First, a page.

Last Updated: Monday, June 20, 2022

On the Money - an interdisciplinary learning approach to financial education

What is this?

​'On the Money' is a collection of short stories for use in primary school, and is the result of partnership working between Standard Life, Scottish Book Trust and Education Scotland.

The stories were written by four of Scotland’s top authors and will help young people change the way they think about money.

The aim of the stories is to help develop the financial capability of learners in primary schools as part of their general education. Using the stories will give young people an opportunity to discuss values in a very creative and enjoyable way. Teaching young people about money through stories and the arts has been very successful, helping to change attitudes and behaviours to money through memorable experiences and powerful messages.

Who is this for?

​Practitioners in primary schools and other centres who are evaluating their approach to interdisciplinary learning (IDL) and making connections across literacy, numeracy and health and wellbeing.

How to use this learning and assessment resource to improve practice?

Most teachers who have used the resource read the stories to the young people, however some schools have used drama (or another form of the arts) to explore issues raised by the stories. Others have encouraged pupils to keep a ‘financial dictionary’ to remind them of any financial terms with which they were unfamiliar. Sometimes practitioners have allowed young people to determine follow-up activities – ‘We’ve read the story, what should we do next?’.

A number of schools have used the stories in the context of a themed money week and using the stories has helped school leaders and practitioners address the following questions.

  • Are staff are clear about what IDL is?
  • Are they clear about the purpose of IDL and its place in the curriculum?
  • Are school IDL practices built on a sound understanding of individual subjects and curriculum areas?
  • Have the IDL experiences been designed to ensure appropriate progression for all learners?

A number of schools have now carried out evaluations of themed ‘money’ events and these evaluations are available on Glow.


PDF file: 4 Stories (2.3 MB)

PDF file: Teacher support materials (6 MB)

Right click to download sound files (may not play in default player)

MP3 file: Down the Pan in English (7 MB)

MP3 file: Down the Pan in Gaelic (10 MB)

MP3 file: Funny Money in English (8 MB)

MP3 file: Funny Money in Gaelic (10 MB)

MP3 file: Charlie Fly and the Nice Dream in English (11 MB)

MP3 file: Charlie Fly and the Nice Dream in Gaelic (15 MB)

MP3 file: No Change in English (11 MB)

MP3 file: No Change in Gaelic (12 MB)

​Down the Pan by Theresa Breslin

Jamie MacBeth, a mischief maker, suggests that his class raise funds to provide toilets for African school pupils.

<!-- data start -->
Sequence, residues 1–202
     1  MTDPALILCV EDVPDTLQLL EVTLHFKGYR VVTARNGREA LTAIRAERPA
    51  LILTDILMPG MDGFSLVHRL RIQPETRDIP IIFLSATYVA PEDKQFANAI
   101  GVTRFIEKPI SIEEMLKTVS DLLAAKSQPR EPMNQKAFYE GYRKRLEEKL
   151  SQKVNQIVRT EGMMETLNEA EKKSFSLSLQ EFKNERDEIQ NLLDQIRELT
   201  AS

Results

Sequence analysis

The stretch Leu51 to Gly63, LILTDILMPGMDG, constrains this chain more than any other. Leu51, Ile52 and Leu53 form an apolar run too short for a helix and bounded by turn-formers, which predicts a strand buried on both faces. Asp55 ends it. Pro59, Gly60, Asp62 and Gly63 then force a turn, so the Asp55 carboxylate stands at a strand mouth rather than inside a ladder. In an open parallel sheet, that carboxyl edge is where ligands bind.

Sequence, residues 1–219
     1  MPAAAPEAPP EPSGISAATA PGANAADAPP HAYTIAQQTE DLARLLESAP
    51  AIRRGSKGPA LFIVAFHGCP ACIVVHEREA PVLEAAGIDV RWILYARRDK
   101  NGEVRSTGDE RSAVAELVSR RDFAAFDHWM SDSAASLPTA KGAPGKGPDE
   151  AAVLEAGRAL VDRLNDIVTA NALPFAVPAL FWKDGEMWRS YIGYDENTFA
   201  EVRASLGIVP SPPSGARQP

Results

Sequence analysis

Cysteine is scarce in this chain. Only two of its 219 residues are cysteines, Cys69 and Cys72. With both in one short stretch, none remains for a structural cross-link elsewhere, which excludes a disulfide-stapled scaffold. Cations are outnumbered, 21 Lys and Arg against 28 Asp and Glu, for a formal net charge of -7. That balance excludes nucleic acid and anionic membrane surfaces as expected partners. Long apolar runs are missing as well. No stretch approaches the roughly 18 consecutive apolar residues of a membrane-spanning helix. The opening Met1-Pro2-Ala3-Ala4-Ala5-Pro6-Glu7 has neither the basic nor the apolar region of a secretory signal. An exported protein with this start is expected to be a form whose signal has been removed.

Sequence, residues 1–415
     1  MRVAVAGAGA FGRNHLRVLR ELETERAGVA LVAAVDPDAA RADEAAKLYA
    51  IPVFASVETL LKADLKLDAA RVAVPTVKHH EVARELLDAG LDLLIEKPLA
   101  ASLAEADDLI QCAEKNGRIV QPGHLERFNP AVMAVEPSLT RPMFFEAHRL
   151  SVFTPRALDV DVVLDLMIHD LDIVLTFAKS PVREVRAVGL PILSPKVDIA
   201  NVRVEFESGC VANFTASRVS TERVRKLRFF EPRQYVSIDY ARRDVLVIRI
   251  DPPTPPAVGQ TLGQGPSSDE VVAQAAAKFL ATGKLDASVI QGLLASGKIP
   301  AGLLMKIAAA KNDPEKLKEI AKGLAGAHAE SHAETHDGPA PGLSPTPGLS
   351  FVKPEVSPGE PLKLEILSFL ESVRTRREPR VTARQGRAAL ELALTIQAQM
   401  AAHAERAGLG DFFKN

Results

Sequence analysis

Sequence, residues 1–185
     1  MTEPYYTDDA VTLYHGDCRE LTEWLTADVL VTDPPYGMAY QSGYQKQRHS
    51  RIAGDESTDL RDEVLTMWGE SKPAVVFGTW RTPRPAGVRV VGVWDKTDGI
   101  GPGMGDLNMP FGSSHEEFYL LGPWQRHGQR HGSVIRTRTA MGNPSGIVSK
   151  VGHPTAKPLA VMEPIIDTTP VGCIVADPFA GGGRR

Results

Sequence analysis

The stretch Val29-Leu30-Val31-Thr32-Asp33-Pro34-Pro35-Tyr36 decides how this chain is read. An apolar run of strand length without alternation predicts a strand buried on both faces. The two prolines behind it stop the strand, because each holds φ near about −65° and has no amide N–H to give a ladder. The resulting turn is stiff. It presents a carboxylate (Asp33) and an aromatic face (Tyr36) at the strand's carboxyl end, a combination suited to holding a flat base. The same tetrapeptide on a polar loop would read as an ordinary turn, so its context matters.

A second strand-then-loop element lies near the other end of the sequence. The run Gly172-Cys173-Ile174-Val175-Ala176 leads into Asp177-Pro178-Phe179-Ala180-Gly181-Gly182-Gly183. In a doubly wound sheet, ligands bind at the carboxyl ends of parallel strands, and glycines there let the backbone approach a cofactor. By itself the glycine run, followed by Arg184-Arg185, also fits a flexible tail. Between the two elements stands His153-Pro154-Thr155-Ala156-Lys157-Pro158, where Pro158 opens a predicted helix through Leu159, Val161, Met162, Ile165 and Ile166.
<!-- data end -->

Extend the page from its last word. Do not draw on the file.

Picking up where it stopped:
A very enterprising fundraising effort ensues and the story is full of very comical toilet humour.

About the author

Theresa was born and brought up in a small town in the middle of Scotland close to castles, old burial grounds and the Roman Wall. These helped fuel an active imagination as a child, further developed by a love of reading.

She loves writing humorous stories where children cause confusion, and triumph over adult foolishness.

She won the Carnegie Medal for 'Whispers in the Graveyard', her compelling story of a dyslexic boy.

Word File: Biography for Theresa Breslin (25 KB)


Funny Money by Alison Prince

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Shannon is used to a life of shopping with her mum.

But a holiday in Arbroath with her gran teaches Shannon that you don't have to spend money to have fun.

About the author

Alison Prince is an accomplished artist and respected biographer and poet, as well as one of the top writers for young people.

'Oranges and Murder', Alison's first novel, is a wonderful, atmospheric thriller full of rich period detail and won the Scottish Arts Council Award. Her second novel, 'Three Blind Eyes', is highly intriguing, with murderous villains.

She also won the Guardian Children's Fiction Award in 1996 with her contemporary Glaswegian Robin Hood story, 'The Sherwood Hero'.

Word File: Biography for Alison Prince (26 KB)


Charlie Fly and the Nice Dream by Nicola Morgan

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Charlie and Fly, and Fly's wealthy cousin Olivia, learn how to be enterprising and also how to profit from the local bully, Liam. 

About the author

Nicola Morgan was born and educated in a boys’ boarding school and was taught by her parents. She then went to a girls’ boarding school, where no one was at all impressed by the tree-climbing and weapon-making skills she had acquired.

She went to Cambridge University and studied Classics and Philosophy, before becoming a teacher.

She is best known for writing for older children and teenagers, and has won two Scottish Arts Council Awards for her teenage fiction, including the Scottish Children’s Book of the Year for 'Sleepwalking'. 

Word File: Biography for Nicola Morgan (27 KB)


No Change by Jonathan Meres

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Callum and Rory are identical twins but with very different personalities.
When it comes to money, Callum likes to save but Rory wants to spend as quickly as he can. 

About the author

Jonathan Meres left school at the age of 16 and joined the merchant navy as a navigating cadet. He spent the next seven years sailing around the world.
Since then he has worked as an ice-cream van driver, an actor, a stand-up comedian and a writer.
His books include 'Somewhere Out There', 'Yo! Diary!' and 'The Big Bad Rumour'. 


Video transcriptions